About a week ago I did a short post on Prius/oil-related matters that seemed to irritate a few folks. I hadn’t noticed until today that our occasional contributor (and pundit nonpareil) Clark Williams-Derry posted a response. He seemed to be approaching the question the same way some other people did, so I thought I’d offer a reply.

To recap:

A Wall Street Journal editorial (sub.) said this:

Petroleum not consumed by Prius owners is not “saved.” It does not stay in the ground. It is consumed by someone else. Greenhouse gases are still released.

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Treehugger’s Lloyd Alter said (I paraphrase): What a jerk.

I said (again paraphrasing): Yes, he’s a jerk, but on this narrow point, he’s right.

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Several commenters thought I was making a point about the futility of energy conservation generally. But I wasn’t — the point is about oil in particular.

Bart, and at greater length Clark, mentioned the "rebound effect," whereby reduced demand lowers price, which subsequently raises demand. Both of them make the point that although the rebound effect is real, demand only bounces back about 30-50%. So, while using less oil may not make the total efficiency gains you’d want, it does make some efficiency gains. It does save some oil.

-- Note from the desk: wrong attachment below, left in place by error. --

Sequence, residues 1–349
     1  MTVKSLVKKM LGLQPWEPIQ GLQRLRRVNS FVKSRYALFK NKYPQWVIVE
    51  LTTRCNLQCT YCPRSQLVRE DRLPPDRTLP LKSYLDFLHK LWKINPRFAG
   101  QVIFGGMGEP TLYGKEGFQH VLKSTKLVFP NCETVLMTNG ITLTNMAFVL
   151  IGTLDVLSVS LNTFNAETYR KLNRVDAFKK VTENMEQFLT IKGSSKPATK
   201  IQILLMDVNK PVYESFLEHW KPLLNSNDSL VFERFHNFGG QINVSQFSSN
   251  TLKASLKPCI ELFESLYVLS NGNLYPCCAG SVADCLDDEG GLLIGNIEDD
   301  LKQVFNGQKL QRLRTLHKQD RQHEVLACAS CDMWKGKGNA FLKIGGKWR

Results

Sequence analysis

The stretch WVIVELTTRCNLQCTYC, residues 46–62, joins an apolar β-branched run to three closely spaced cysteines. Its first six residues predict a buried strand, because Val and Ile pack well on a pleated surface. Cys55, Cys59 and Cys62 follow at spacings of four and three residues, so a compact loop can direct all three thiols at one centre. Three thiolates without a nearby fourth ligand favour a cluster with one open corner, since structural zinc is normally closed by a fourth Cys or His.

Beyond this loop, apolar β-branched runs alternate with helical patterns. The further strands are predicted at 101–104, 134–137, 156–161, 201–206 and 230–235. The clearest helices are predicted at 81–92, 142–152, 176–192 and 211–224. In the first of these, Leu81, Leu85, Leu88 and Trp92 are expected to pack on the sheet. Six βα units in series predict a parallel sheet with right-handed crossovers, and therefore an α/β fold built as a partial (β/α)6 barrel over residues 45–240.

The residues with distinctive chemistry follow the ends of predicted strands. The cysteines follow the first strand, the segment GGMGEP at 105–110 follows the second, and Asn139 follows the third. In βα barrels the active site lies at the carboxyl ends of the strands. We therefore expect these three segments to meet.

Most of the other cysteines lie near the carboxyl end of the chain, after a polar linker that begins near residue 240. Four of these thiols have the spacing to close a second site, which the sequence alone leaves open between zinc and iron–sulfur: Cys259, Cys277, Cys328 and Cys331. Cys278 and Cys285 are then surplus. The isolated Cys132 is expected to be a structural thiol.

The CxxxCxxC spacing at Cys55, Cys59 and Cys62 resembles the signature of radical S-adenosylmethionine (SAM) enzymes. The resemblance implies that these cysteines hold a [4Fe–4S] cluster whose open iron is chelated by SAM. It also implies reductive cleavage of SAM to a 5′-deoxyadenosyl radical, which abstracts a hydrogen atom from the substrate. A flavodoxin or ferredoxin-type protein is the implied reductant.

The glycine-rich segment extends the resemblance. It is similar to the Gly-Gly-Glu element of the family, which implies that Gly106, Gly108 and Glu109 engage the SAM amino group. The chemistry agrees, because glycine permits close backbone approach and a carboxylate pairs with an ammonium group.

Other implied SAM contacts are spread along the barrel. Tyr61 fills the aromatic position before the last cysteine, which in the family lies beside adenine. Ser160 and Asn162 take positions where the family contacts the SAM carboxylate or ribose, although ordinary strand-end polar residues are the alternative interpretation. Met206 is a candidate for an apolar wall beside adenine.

To which I say: For "energy" generically, yes. For electricity, yes. For something like coal, where supply is plentiful, yes. But oil?

Let’s stipulate the following: At some point, the economics of oil are going to be such that it’s no longer a cost-effective energy source for most uses.

There are two ways this could come about.

One, global oil supply could level off and then decline, while demand skyrockets, making oil prohibitively (and perhaps suddenly) expensive. In this case, the need for oil still exists — in that no other combination of energy sources has yet filled the gap — but demand is suppressed by sky-high prices. Severe economic dislocation, resource wars, etc., possibly ensue.

Two, alternative energy sources could develop and fall in price, and oil conservation efforts could catch on. In this case, there would still be ample oil supply remaining, and cheap, but without any demand.

The second scenario would be nice — a real global triumph for environmentalists — but I find it highly unlikely.

More likely, to me, is an enormous rising tide of demand that totally swamps dwindling supply. We suck the remaining oil out of the ground at breakneck pace until finally, scrabbling on our hands and knees at the tar sands, we finally toss in the white flag.

In short (speaking somewhat imprecisely, of course): We use the oil up.

If this is the likely scenario, then a tiny shaving off U.S. demand is a drop in a very large bucket. Hell, even a drop of 20% or 30% in U.S. demand won’t change the essential dynamic. The oil’s gonna get used.

Or rather: Petroleum not used by Prius owners will not be "saved." It will not stay in the ground. It will be consumed by someone else. Greenhouse gases will still be released.

Can someone tell me where I’ve gone wrong in this line of reasoning?